Five Indian variant questions Britons want answered

B1617.2 strain threatens to derail UK's Covid recovery

Members of the public queue to receive a Covid-19 vaccine at a temporary vaccination centre at the Essa academy in Bolton, northwest England on May 14, 2021. England remains on track for the latest easing of its coronavirus lockdown next week but is taking no chances after a doubling of cases of an Indian variant, the government said today. / AFP / Oli SCARFF
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A short while ago, Britain was travelling down the road to post-pandemic normality with a spring in its step.

Then news emerged of a new variant that was spreading through India like fire.

Only a few weeks later, India’s Covid case tally exceeds 25 million and there are ominous signs that the double mutant is also taking hold in the UK.

While cases remain low, it has cast a pall over Britons fearful of another lockdown. It is also leading to many questions. Here are five of the most pressing:

1. How prevalent is the Indian variant in the UK?

The latest data from the Wellcome Sanger Institute shows the Indian variant is now the dominant strain in at least 23 local authority districts, and by May 8 had been detected in 127.

This is an exponential increase from mid-March, when there were no known cases.

To date, 2,323 cases of the variant have been found, a fourfold increase on the 520 of 10 days ago.

2. Why does the Indian variant pose a threat to the easing of restrictions in England?

UK Prime Minister Boris Johnson said on Tuesday that he had seen nothing in the data to suggest B1617.2’s growing presence in the UK will jeopardise its lifting of all coronavirus restrictions on the planned date of June 21.

This is not overly reassuring, though, given Mr Johnson has guided the UK to the worst death toll in Europe and has a record of deadly delays and cheerful predictions with the accuracy of a long-range weather forecast.

The new strain, B1617.2, was designated a “variant of concern” because it is thought to be as much as “50 per cent more transmissible” than the Kent strain, according to the UK’s Scientific Advisory Group for Emergencies, or Sage.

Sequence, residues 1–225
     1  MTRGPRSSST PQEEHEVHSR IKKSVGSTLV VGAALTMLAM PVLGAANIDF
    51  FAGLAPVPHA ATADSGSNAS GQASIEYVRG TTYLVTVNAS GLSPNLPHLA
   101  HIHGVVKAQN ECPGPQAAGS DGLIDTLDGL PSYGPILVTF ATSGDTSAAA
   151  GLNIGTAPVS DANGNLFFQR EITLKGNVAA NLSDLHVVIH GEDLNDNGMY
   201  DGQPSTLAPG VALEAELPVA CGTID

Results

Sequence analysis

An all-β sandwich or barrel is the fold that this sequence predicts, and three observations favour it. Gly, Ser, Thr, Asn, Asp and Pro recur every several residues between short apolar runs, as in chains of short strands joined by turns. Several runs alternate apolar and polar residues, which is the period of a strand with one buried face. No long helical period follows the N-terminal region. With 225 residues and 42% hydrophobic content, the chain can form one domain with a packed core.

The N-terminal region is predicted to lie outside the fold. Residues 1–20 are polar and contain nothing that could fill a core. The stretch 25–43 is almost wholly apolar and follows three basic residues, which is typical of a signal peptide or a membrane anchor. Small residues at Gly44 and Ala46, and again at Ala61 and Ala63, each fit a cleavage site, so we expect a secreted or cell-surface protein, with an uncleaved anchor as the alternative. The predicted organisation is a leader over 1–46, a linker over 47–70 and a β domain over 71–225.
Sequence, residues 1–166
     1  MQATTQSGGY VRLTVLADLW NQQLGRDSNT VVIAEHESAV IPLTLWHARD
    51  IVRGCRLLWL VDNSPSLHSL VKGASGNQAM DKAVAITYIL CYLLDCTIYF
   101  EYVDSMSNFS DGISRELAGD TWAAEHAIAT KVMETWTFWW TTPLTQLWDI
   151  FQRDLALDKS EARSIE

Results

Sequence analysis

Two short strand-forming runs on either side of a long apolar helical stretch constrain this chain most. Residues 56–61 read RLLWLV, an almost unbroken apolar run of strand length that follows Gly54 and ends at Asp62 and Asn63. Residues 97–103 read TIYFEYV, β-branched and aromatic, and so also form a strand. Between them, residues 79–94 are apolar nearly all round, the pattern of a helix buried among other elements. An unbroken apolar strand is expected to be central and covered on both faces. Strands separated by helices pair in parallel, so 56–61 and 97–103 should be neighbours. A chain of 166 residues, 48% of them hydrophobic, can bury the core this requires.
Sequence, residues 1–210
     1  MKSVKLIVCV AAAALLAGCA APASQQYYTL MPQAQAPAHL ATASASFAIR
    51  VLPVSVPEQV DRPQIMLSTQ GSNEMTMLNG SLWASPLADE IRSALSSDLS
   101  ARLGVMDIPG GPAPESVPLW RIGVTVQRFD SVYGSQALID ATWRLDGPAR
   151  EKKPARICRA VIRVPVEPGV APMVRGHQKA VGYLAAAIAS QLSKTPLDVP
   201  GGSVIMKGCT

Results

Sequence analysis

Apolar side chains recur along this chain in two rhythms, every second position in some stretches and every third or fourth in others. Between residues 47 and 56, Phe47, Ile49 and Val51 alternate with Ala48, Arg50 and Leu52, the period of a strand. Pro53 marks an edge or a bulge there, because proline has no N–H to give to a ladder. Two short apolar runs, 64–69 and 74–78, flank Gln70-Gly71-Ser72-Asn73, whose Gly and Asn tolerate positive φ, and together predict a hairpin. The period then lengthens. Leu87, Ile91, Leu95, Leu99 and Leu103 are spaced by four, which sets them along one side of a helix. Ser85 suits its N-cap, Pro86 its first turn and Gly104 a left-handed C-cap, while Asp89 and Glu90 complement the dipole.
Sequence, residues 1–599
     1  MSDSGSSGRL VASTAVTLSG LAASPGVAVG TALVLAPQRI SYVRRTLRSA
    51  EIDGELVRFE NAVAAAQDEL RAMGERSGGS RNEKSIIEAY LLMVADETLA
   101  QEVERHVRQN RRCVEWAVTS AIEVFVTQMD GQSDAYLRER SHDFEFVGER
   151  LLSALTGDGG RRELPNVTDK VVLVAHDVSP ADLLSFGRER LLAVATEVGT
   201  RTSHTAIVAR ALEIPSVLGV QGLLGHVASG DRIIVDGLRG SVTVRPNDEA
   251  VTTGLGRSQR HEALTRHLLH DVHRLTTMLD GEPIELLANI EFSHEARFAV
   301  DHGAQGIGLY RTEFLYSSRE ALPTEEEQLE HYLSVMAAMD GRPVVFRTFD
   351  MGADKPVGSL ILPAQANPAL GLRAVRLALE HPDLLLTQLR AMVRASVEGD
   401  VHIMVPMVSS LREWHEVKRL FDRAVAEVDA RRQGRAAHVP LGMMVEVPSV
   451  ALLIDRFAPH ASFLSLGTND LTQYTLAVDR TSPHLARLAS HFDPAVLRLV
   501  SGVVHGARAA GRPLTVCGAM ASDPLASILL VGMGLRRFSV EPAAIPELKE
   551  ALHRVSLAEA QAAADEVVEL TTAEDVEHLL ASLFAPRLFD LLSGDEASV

Vicky Head, director of public health in Bedford, south-east England, where 80 cases of the Indian variant have so far been confirmed, said she was “really worried” about the spread.

“If someone goes to school and tests positive, we are then seeing their whole family test positive,” Ms Head told the BBC.

3. What has the UK done to battle the Indian variant?

India was placed on the travel red list on April 23 but the new variant had entered the UK by this stage – another example of the government’s tendency to leave its borders exposed.

Vaccinations have been accelerated, especially in the northern English towns of Blackburn and Bolton, where high levels of the variant were detected.

Mr Johnson said last week that second doses, which boost protection against Covid-19, will be brought forward from the planned 12-week interval to eight weeks.

But it remains to be seen whether such a move will help to curb rising infections.

Health Secretary Matt Hancock has voiced his frustration over vaccine hesitancy among people admitted to hospital with the variant in Bolton, near Manchester.

But Dr Zubaida Haque, former deputy director of the Runnymede Trust and a member of Sage, said Mr Hancock’s conclusion seemed “to be based on hospitalisations in the town of 18 people, of which a third have been vaccinated”.

Dr Haque said that because it “takes a couple of months” to distribute the vaccine and there are still “millions and millions of people who have not had either the second dose or any dose at all”, the government must do more than increase the programme to battle the viral spread.

4. Does the Indian variant mean social-distancing measures will be extended?

The government had planned to scrap social-distancing measures entirely by June 21 but said on Monday that this could be delayed.

This means people may still need to wear face coverings on public transport and in other shared spaces, and that limits on gatherings might not be lifted as planned.

5. Could local lockdowns be reintroduced to combat the Indian variant?

Mr Hancock told Parliament on Monday that, although controversial, local restrictions are “not where we want to go”. But he also said the government would not “rule them out”.

Cabinet minister George Eustice said the tier system could be revived if “we do have a deterioration in some areas”.

The logic of doing so is unclear, given the tier system failed to ward off the Kent variant when it emerged in 2020.

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